Steel is made from the earth’s most common natural resources, iron ore, limestone and coal.Another important ingredient is scrap steel recycled from such things as cars, refrigerators and cans.
Blended coal is heated in coke ovens to produce coke.The coke, iron ore and limestone are tipped into the blast furnace. Hot air is blasted through the furnace to increase the temperature and to convert the ingredients into molten iron. A hole is made in the bottom of the furnace and the molten iron is poured into ladles which are then taken to the steel furnace.
At the steelmaking plant the Basic Oxygen Steelmaking (BOS) vessel is tilted to allow scrap (recycled steel) and liquid iron from the blast furnace to be tipped into it. Oxygen at high temperature is then blown through the vessel.The oxygen combines with the carbon and other unwanted elements and separates them from the metal, leaving steel.
4. STEEL SLABS INTO COIL
Molten steel is tapped from the furnace and converted into slabs of solid steel. The slabs are passed through a series of rollers which squeeze the steel to make it thinner and longer.The long strip of steel is rolled into a 10 tonne coil and allowed to cool. The coils are then finely coated with either tin or chromium oxide (for tin free steel) to protect from rusting, before delivery to the can making factory.
5. CAN MAKING
There are two ways to produce cans, either using two or three pieces of metal.The traditional way is three piece can making. Here the coils of steel are cut into 1 metre square sheets and, in most cases, they are then coated on the inside with a coating of lacquer to extra protect the food when inside the cans. The sheets are then cut into smaller rectangular pieces (or blanks) which are formed into cylinders and electronically welded together. Lids are fixed to the bottom of the can and cans above a certain height are “beaded” in the centre with rings to strengthen them for filling, cooking and transportation. The latest and more modern way to make food cans is two piece can making. Here the 10 tonne coils are fed through a machine to form small metal cups which are stretched into taller cans all in one piece.This is called the “draw and wall iron” (DWI) process. All cans are tested to make sure they will not leak and are then layered onto pallets ready to deliver to the food filling factory that fills and closes the cans with the other lid.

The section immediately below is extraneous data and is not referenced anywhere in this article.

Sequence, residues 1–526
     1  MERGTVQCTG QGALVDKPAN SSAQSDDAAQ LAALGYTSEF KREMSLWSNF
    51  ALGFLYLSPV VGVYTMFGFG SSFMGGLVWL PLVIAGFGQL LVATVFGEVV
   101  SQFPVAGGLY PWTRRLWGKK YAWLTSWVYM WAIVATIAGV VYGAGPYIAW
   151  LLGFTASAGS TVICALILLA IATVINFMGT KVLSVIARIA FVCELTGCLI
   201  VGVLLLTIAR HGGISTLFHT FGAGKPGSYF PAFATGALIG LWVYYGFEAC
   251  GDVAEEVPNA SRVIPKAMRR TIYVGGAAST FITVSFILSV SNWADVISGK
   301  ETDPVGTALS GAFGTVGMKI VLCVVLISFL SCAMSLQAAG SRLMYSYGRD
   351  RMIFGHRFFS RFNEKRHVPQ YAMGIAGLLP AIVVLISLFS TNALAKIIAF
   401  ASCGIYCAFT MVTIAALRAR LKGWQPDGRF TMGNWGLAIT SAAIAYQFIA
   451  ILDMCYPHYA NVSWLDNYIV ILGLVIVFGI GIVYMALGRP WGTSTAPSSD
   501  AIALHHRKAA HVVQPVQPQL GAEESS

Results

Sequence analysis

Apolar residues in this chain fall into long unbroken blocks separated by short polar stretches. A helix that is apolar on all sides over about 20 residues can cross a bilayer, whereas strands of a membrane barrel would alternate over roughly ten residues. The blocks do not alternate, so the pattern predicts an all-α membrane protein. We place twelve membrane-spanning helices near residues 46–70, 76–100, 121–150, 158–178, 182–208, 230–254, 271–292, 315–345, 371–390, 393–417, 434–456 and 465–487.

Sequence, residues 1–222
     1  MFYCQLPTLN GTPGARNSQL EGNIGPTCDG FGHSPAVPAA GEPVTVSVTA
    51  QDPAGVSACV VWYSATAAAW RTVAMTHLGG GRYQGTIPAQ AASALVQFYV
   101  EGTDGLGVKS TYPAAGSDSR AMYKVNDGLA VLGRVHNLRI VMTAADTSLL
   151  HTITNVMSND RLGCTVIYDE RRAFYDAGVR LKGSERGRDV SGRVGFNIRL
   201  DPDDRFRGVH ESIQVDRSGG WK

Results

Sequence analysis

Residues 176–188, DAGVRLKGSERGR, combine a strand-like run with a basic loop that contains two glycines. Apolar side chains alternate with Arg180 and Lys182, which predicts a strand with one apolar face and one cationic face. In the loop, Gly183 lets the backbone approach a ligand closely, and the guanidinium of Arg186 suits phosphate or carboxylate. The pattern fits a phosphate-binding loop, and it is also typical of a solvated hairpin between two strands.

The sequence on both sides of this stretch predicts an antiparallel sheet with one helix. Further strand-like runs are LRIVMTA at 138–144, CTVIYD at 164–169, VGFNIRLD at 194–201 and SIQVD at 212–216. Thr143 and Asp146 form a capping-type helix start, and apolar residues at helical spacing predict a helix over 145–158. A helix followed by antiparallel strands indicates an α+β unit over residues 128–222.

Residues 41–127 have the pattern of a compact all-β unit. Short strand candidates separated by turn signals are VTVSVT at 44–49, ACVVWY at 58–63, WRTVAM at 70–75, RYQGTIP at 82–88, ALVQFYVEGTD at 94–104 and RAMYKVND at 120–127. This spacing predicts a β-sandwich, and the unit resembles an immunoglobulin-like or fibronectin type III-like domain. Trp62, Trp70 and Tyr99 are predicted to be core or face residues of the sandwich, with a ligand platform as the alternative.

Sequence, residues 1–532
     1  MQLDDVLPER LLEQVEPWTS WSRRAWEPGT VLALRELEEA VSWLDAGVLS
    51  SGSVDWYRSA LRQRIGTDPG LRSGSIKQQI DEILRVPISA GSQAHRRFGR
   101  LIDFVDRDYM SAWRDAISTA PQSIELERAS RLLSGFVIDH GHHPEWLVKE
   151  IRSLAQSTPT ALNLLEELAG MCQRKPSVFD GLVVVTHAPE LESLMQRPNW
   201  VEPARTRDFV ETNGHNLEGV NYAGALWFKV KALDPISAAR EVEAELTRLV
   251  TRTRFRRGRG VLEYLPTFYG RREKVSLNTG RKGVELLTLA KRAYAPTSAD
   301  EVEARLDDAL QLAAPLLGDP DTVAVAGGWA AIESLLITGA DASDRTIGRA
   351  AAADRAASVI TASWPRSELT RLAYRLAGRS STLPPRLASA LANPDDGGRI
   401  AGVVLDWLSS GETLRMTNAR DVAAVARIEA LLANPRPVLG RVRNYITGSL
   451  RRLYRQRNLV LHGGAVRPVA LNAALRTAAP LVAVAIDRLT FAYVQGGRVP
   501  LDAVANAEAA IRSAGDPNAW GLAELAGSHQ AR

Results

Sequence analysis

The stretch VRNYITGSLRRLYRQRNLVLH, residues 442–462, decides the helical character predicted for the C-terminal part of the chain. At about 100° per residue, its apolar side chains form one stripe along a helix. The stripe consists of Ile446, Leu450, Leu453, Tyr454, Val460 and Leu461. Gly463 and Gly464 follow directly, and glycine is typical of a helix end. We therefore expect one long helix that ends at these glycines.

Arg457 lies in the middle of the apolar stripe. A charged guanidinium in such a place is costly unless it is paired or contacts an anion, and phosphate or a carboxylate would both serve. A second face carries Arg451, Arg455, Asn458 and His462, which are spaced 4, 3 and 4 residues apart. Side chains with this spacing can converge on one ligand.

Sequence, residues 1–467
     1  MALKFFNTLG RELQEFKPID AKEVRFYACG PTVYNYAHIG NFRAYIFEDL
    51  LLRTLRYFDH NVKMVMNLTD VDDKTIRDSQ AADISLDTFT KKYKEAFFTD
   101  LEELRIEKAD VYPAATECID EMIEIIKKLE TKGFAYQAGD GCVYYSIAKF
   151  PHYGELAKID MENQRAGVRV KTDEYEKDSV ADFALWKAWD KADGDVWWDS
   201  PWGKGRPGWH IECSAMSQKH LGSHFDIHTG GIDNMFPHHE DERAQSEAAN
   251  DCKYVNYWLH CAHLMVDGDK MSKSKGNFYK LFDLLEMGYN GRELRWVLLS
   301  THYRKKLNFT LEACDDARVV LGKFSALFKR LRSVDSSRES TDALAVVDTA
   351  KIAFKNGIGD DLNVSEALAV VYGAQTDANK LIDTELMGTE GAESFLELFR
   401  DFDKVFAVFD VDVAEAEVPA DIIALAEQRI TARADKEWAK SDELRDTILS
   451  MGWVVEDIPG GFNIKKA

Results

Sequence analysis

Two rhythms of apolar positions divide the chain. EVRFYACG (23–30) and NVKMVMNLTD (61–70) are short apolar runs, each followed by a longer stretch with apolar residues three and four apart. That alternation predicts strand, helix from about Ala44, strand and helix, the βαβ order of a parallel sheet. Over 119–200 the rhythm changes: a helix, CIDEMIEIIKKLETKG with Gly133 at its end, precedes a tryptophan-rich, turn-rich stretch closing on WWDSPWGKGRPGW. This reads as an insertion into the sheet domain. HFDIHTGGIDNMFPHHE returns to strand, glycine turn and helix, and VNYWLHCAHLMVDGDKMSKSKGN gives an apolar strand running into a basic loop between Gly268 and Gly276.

6. FILLING CANS
All types of food arriving at the canning factory are cleaned and prepared ready for the canning process. Seasonal produce like fruit and vegetables are harvested at their peak condition, then peeled, trimmed, cored or sliced, as necessary.The produce is then quickly packed into the empty cans moving along a conveyor belt - this ensures no nutrients are lost. The appropriate liquid (brine, syrup, fruit juice or sauce) depending on the product, is poured in to fill the can, the lid is closed to make the can airtight and the filled can proceeds to the most important stage - the cooking process.
7. PRESSURE COOKING
The sealed cans are stacked and heated in large pressure cookers called retorts and cooked for carefully selected temperatures and times depending on the product. Cooking the food in the can makes the food safe and gives it a long shelf life to ensure the food remains “fresh” until the can is opened.
8. TRANSPORT T0 SHOPS
After the cans cool down they are labelled and loaded into trays or boxes for delivery to shops and stores for sale.
9. USING CANS AT HOME
Canned foods may be eaten alongside fresh, frozen and chilled as part of a balanced nutritional healthy diet. Some cans even contribute to your 5-a-day. They can be stored in the cupboard and used for snacks or to help cook quick, easy and versatile meals - and cans are easy to recycle. What could be more CAN-venient?
Food cans are made from steel or aluminium produced with 50% recycled material.They are also 100% and infinitely recyclable. To recycle cans at home, it is helpful to rinse them first before being collected or taking them to the local can recycling bank.
All steel containers are magnetic and therefore easily separated from the other recyclables when they go to the recycling centre for sorting. All the different types of steel packaging are then crushed and baled, and transported to the steel plant.
In the steel plant, the bales are put into the furnace with other recyclable steel and the whole process starts over again. So your food cans could end up as a car, bike, fridge, bridge, paper clip or - another food can.